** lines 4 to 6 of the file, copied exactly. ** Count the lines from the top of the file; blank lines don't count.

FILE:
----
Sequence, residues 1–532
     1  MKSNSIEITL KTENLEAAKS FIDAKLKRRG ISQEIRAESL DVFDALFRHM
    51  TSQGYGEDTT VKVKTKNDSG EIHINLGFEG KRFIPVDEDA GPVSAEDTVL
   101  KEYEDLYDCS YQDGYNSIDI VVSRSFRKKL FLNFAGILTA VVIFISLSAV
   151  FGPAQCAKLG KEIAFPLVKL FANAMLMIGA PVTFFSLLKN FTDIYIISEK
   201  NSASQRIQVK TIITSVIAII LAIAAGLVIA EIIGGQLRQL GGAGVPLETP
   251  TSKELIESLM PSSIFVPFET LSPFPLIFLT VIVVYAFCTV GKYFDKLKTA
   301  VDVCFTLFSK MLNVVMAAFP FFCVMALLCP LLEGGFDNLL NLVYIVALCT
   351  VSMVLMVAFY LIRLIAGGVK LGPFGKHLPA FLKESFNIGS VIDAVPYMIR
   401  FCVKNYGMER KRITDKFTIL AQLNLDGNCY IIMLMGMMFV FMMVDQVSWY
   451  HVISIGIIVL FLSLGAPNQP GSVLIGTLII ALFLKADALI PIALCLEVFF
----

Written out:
   101  KEYEDLYDCS YQDGYNSIDI VVSRSFRKKL FLNFAGILTA VVIFISLSAV
   151  FGPAQCAKLG KEIAFPLVKL FANAMLMIGA PVTFFSLLKN FTDIYIISEK
   201  NSASQRIQVK TIITSVIAII LAIAAGLVIA EIIGGQLRQL GGAGVPLETP